The material that is separated from wastewater in wastewater treatment plants has to be transferred from the water phase to the atmosphere, lithosphere, and/or biosphere (and also the technosphere). After the initial discharges into the different environmental media (and the technosphere), there are further 'inter-sphere' leakages or redirections. However, these happen over protracted periods of time and have not been accounted for in this paper. The paper presents a case study on the wastewater treatment plants in the Netherlands, examines how the degree of separation of COD (BOD), nitrogen, phosphorus and heavy metals from the wastewater have increased over time, and studies the changes in proportions separated out to the atmosphere and lithosphere. The hydrosphere has benefited from a decline in the degree of eutrophication and marine/fresh water toxicity, owing to the favourable combination of higher degrees of separation, over time, and source control, especially in the industrial sector. Global warming is a major concern owing to the increasing conversion of COD to carbon dioxide (and methane). Heavy metal and nitrogen emissions have been curbed thanks to source reduction within industries. Technologies have, of course, enabled some mitigation of the problems associated with atmospheric (global warming and toxicity) and lithospheric (toxicity) pollution, though these are beyond the scope of this paper, which assumes a hypothetical worst-case scenario in this regard for the study period 1993-2005.
In Part I, the wastewater treatment sector in the Netherlands was analyzed to determine how the degree of separation of COD (BOD), nitrogen, phosphorus and heavy metals from the wastewater increased over time, and how the proportions of these substances, separated out from the wastewater into the lithosphere and atmosphere, changed over time. This paper applies the same methodology, adopted in the first part, to Norway. Needless to say, the hydrosphere has benefited from a decline in eutrophication and marine/fresh water toxicity, owing to the favourable combination of higher degrees of separation over time and source control, especially in the industrial sector. However, this has been at the expense of damage to the atmosphere (global warming). Technologies have, of course, enabled some mitigation of the problems that have shifted to the atmosphere and lithosphere, though these are beyond the scope of this paper, which assumes a hypothetical worst-case scenario in this regard. Whereas, in Part I, the time period 1993-2005 was considered, this paper is handicapped by the lack of availability of data and is restricted to a much narrower time period: 2002-2006.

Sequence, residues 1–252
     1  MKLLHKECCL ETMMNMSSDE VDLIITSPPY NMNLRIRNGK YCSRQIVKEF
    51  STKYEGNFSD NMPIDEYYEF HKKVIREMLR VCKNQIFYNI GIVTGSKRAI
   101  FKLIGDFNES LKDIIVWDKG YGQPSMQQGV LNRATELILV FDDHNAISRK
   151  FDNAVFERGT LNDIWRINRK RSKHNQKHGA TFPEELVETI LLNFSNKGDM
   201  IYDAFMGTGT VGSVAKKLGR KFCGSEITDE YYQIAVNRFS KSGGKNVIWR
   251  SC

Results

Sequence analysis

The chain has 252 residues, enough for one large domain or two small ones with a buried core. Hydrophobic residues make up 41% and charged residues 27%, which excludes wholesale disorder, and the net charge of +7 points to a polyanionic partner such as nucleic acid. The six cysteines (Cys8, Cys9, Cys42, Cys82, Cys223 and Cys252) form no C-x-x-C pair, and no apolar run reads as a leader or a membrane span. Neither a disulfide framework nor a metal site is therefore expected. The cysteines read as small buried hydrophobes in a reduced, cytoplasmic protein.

During the last decade, systems analysis has become a more frequently used tool in municipal waste management. This paper investigates how one such analysis, carried out in a Swedish county, was perceived by local municipal officers and politicians as support in the decision-making process. A questionnaire was sent to municipal officers and politicians in local government committees and municipal councils. The respondents considered the most important aspects in evaluating scenarios to be: possibilities for municipal co-operation to minimize cost and negative environmental influence; sound working conditions for refuse disposal personnel; low emissions of greenhouse gases; keeping household economy in mind; and using technologies that are known and reliable. Aspects of relatively low importance were the number of locally generated job opportunities, and minimizing work efforts for the households. The study also showed differences between male and female respondents and between politicians and municipal officers, on how scenarios were valued and on which aspects of the systems analysis were of greatest importance for this valuation. Respondents, on average, were satisfied with the systems analysis, and its usefulness as a decision-support tool. However, more work should be carried out to explain and present the results of the systems analysis to further improve its usefulness.